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Colloquia Embrace Serendipity, Spur New Partnerships

Overhead view of a group meeting at a round table

When experts come together from across disciplines, organizations and sectors, it sets the stage for serendipity — where creative thought leads to new and often unexpected solutions to large challenges.

The University of Minnesota’s Convergence Colloquia is a series of multidisciplinary gatherings that encourage serendipitous approaches to improving our world. These think tanks, hosted by the Office of the Vice President for Research, bring U researchers together with private, public and nonprofit stakeholders to identify opportunities to focus on critical societal issues. The colloquia advance cutting-edge research to develop innovative solutions and build long-term partnerships.

“Colloquia events support an environment where a wide range of experts can engage in rich, thoughtful discussions about pressing issues in our communities,” said Carissa Slotterback, the U’s director of Research Engagement. “The resulting collaborations between researchers at the U and professionals in the community are an important first step toward addressing some of the greatest challenges facing our society.”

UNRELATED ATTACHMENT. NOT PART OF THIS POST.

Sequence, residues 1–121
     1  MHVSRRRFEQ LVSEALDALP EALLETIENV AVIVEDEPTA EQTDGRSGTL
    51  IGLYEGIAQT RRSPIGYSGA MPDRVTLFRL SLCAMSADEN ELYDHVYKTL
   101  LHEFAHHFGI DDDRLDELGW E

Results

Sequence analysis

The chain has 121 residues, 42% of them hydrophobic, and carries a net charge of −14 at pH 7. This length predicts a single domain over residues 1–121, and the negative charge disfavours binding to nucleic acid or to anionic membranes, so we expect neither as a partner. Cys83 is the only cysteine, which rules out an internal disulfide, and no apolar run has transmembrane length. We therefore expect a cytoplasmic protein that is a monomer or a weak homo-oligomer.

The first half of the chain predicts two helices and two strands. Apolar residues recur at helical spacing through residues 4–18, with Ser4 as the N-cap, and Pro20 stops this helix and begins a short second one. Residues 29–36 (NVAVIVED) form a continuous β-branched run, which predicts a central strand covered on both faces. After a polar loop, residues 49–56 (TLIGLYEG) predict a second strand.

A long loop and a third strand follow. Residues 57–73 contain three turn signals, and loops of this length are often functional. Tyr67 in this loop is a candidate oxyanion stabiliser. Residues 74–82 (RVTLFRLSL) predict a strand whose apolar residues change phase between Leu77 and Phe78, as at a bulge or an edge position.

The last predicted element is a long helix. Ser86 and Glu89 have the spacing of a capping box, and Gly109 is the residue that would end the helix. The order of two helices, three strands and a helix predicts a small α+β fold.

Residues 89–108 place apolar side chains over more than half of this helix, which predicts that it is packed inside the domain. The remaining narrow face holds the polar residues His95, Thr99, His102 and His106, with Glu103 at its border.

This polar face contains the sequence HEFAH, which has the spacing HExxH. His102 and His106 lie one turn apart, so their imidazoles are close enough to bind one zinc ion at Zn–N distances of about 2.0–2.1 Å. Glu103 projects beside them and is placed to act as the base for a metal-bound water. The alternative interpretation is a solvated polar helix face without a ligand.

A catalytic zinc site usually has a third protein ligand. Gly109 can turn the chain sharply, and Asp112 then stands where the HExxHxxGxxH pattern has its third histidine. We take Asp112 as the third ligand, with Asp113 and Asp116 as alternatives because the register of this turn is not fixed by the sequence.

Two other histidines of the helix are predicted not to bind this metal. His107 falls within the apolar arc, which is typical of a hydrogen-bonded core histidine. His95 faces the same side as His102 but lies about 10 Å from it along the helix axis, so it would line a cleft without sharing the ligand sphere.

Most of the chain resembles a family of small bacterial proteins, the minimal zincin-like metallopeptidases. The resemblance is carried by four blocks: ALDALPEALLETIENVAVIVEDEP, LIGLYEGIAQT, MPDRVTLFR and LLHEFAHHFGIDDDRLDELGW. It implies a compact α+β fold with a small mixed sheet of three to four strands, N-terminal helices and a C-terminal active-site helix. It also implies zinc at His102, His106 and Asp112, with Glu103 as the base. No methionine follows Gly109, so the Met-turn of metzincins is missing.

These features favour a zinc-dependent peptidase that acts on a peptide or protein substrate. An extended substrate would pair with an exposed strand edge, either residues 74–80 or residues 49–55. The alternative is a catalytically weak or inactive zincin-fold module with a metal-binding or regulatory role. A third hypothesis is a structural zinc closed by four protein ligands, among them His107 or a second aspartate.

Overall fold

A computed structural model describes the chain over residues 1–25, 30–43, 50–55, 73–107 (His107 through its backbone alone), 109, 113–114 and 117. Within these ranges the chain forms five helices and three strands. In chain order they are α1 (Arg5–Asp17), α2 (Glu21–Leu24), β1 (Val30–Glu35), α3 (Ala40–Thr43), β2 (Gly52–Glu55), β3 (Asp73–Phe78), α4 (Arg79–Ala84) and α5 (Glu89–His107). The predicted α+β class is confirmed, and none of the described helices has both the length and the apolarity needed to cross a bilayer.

Two colloquia have already taken place — the first on smart cities and infrastructure, and the second on aging. These events included more than 160 participants from more than 40 University departments, centers and institutes and more than 60 external organizations, including nonprofits, private companies and the public sector. Following the events, OVPR awarded a total of $120,000 in Serendipity Grants to six projects, which are now in progress.

Three more Convergence Colloquia events are scheduled for 2015.

Upcoming Colloquia

Sept. 25 — Health Equity
This colloquium will explore health inequities as they relate to issues such as access to healthcare, exposure to health impacts and health outcomes. The event will consider demographic, geographic and other factors that contribute to inequity and consider innovative approaches to identifying health impacts and remedying inequities.

Oct. 9 — Renewable Energy
This event will focus on the production, distribution and consumption of renewable energy sources, considering issues such as technology, policy, design, governance and finance. Participants will consider renewable energy issues at the household, neighborhood, city, industrial and agricultural scales.

Dec. 11 — Sustainable Food Systems
The final colloquium of 2015 will explore opportunities to build sustainable food systems that reduce environmental impacts, are economically viable and achieve equitable food access. The event will focus on issues such as building a viable supply and demand chain, producing food in urban settings and advancing education and engagement opportunities around sustainable food systems.

Kevin Coss

Kevin Coss

Kevin is a writer with the Office of the Vice President for Research.

coss@umn.edu

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